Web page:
Louisiana, New Hampshire, and Puerto Rico Apply for ESSA Innovative Testing Pilot
Louisiana, New Hampshire, and Puerto Rico have officially submitted applications for the Every Student Succeeds Act's Innovative Assessment pilot, the U.S. Department of Education says.
The pilot, which was initially one of the most buzzed-about pieces of ESSA, allows up to seven states to try out new forms of testing in a handful of districts, with the goal of eventually taking them statewide. More than a dozen states—including biggies like New York—initially mulled applying, but ended up deciding against it.
That could be because the pilot has clear rules that don't make participation easy. States must make sure the new tests are comparable to the state exam, and are accessible to English-language learners and students in special education—all without additional financial resources.
New Hampshire's decision to apply is no surprise. The state was the early national leader on these innovative assessments. The Granite State got permission under the No Child Left Behind Act—the law that ESSA replaced—to allow several districts to use performance-based assessments in some years, in lieu of the state exam. New Hampshire's application will likely build upon that work.
Louisiana is newer to the innovative-assessment game. The Pelican State is seeking to combine tests for two related subjects: English and social studies. The tests will include passages from books students have actually been exposed to in class, rather than brand-new material. Students will be asked to complete a series of brief reading and writing exams throughout the school year, to help their teachers get "real time" update on progress, according to a statement from the Louisiana Department of Education. Louisiana will initially try out these tests in five school districts.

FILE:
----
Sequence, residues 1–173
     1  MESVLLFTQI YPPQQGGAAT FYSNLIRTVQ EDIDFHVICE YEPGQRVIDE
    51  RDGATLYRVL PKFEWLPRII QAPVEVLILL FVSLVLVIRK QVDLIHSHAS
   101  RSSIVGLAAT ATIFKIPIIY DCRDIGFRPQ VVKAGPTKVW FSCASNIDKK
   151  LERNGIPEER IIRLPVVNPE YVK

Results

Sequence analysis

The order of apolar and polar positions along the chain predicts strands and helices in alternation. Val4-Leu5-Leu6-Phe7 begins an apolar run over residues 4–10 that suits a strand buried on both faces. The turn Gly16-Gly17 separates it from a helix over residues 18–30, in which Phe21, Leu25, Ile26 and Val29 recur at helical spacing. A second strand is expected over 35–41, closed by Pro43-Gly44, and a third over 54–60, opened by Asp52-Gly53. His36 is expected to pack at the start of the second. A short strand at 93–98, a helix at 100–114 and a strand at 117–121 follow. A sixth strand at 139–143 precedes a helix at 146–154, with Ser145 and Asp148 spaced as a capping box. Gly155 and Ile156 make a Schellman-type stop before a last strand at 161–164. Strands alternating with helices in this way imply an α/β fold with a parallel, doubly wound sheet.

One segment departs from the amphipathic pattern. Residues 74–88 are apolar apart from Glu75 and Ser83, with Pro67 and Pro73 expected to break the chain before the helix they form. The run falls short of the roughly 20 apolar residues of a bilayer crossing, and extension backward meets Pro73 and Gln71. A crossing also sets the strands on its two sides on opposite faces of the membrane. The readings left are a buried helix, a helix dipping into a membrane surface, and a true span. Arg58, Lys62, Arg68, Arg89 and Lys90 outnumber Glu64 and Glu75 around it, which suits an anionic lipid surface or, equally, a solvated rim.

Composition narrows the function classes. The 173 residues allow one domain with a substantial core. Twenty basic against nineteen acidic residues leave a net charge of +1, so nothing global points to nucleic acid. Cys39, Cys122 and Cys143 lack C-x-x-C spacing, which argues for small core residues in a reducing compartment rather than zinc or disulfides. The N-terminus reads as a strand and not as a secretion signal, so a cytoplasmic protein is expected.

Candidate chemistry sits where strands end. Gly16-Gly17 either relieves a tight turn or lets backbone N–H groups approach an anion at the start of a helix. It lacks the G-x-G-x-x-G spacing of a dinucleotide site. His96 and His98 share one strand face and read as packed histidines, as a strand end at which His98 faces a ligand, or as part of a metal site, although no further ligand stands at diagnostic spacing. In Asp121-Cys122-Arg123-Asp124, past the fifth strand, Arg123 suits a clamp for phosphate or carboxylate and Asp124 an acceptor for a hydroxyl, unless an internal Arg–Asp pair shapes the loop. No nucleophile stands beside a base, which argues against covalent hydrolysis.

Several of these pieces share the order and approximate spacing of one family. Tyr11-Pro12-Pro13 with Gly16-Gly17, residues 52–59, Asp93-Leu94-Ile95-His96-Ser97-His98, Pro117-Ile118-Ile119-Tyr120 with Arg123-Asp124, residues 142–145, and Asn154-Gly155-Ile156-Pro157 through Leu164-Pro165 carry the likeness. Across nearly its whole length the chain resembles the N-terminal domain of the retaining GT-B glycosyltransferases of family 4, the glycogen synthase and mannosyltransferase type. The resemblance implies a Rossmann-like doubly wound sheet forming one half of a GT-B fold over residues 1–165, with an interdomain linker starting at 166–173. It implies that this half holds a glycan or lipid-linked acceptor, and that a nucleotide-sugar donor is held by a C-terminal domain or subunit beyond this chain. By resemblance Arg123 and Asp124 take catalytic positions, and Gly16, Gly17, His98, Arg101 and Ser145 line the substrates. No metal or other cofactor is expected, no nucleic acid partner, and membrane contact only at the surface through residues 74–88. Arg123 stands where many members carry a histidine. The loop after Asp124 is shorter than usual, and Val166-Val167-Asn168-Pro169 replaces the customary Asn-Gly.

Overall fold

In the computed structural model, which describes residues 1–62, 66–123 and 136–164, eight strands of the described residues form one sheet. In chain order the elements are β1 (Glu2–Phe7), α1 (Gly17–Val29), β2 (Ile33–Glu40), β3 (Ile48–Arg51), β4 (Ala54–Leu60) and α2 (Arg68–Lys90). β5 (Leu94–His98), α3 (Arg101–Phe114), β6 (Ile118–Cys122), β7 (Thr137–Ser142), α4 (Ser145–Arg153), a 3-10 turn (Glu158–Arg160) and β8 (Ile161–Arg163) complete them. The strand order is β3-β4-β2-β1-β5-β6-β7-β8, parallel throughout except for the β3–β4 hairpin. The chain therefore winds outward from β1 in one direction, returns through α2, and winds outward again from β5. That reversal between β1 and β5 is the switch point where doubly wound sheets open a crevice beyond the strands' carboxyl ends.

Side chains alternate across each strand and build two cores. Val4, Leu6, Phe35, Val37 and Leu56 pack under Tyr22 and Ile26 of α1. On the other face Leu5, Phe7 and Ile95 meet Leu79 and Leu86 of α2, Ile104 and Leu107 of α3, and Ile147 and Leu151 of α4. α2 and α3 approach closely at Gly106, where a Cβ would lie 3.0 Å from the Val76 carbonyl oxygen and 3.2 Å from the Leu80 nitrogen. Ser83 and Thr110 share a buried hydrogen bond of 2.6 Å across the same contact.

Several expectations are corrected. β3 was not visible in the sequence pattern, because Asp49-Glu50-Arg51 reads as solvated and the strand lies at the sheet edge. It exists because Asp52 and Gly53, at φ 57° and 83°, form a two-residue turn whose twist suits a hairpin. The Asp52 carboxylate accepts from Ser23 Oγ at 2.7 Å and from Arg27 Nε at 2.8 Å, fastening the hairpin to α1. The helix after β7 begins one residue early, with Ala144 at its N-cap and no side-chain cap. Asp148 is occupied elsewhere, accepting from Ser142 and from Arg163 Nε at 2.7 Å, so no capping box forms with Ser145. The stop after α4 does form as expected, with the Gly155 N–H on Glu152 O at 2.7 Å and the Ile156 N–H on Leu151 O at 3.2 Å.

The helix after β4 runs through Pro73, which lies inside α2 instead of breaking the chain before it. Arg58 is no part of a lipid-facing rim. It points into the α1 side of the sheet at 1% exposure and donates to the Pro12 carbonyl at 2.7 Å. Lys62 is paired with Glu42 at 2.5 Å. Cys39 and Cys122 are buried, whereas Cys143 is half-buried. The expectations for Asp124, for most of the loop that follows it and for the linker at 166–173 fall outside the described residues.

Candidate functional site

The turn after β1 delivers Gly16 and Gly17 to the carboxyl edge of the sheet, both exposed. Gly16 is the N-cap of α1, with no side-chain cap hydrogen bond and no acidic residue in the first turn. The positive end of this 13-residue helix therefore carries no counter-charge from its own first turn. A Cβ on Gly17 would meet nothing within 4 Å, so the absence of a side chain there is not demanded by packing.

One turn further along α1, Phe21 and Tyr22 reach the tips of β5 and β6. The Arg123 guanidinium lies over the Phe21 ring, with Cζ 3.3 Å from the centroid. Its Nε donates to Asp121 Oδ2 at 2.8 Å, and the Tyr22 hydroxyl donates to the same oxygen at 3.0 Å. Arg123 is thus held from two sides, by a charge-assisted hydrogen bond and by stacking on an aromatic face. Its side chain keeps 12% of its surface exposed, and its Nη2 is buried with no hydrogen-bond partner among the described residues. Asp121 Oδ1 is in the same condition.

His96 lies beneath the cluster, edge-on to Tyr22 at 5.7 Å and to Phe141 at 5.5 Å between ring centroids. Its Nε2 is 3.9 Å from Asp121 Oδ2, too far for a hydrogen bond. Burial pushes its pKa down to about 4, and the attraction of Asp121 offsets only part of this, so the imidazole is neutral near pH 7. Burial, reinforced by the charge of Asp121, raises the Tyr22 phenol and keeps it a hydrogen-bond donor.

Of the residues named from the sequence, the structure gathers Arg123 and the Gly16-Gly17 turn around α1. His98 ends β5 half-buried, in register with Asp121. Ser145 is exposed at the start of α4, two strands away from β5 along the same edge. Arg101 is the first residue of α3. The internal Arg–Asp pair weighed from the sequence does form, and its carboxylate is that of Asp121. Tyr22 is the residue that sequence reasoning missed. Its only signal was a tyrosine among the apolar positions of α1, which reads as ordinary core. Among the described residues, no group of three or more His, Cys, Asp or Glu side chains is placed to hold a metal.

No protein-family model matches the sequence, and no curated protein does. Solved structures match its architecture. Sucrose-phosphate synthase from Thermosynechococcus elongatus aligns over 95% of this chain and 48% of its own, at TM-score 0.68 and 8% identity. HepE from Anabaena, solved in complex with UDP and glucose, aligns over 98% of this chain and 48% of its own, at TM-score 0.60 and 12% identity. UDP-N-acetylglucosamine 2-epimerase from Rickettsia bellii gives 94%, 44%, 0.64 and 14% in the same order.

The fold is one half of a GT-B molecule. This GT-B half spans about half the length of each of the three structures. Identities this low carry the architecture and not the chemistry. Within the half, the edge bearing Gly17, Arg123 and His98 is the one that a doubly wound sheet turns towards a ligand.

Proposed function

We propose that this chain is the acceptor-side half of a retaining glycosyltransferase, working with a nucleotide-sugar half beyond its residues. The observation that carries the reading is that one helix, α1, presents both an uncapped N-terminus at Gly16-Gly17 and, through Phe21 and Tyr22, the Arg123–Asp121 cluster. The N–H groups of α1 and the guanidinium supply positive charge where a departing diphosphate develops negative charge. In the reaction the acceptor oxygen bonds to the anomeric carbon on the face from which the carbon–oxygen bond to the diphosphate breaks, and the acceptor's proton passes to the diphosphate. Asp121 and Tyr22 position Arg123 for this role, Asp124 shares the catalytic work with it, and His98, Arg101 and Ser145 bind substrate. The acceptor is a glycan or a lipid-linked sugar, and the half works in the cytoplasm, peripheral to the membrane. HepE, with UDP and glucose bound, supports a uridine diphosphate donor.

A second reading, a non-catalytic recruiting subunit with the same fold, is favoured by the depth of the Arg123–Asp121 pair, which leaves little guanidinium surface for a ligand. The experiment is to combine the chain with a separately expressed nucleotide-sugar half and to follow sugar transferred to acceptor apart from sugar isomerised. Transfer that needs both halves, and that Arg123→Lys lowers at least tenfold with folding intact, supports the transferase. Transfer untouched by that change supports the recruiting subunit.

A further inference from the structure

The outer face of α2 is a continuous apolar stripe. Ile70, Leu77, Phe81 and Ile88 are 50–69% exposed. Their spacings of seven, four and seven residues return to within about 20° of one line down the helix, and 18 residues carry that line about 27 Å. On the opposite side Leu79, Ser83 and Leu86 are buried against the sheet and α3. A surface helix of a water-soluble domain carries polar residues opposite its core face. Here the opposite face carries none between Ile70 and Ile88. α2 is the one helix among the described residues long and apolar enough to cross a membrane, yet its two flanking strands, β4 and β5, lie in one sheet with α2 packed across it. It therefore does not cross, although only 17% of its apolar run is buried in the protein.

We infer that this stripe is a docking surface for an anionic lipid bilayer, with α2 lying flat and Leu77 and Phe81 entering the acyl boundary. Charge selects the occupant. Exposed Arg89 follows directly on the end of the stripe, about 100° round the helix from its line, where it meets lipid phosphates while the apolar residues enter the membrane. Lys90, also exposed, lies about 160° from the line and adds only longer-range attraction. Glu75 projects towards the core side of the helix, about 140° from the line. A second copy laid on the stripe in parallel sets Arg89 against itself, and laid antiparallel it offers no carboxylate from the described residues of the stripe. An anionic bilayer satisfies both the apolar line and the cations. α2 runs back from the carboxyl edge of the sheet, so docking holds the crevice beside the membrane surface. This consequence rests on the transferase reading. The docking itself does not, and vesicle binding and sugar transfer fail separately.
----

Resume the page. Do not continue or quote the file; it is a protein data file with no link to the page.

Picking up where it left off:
Puerto Rico, where the entire school system was recently upended by Hurricane Maria, is engaging in a top-to-bottom overhaul that includes a new focus on choice. The pilot may fit into that overall picture.
Two other states—Hawaii and Arizona—also raised their hands to express interest in the pilot earlier this year. But both, it appears, ultimately opted not to apply.
Arizona has passed a law that would allow schools a choice of tests in grade 3 on up, beginning in the 2019-20 school year. The law was not mentioned in Arizona's ESSA plan, which has been approved by the feds. But the idea is not likely to be kosher under ESSA, which requires states to use the same test for every student, in every grade, unless the state is part of the pilot.
It appears that Arizona considered whether the pilot's requirements would gel with this state law, but decided they did not.
"All of our time and resources have been focused on developing the menu of assessments that the Arizona legislature passed into law. The menu didn't really fit into the innovative pilot, so we opted not to participate," said Stefan Swiat, a spokesman for the Arizona Department of Education, in an email.
A spokeswoman for the Hawaii Department of Education said the state plans to apply down the road, rather than for next school year.
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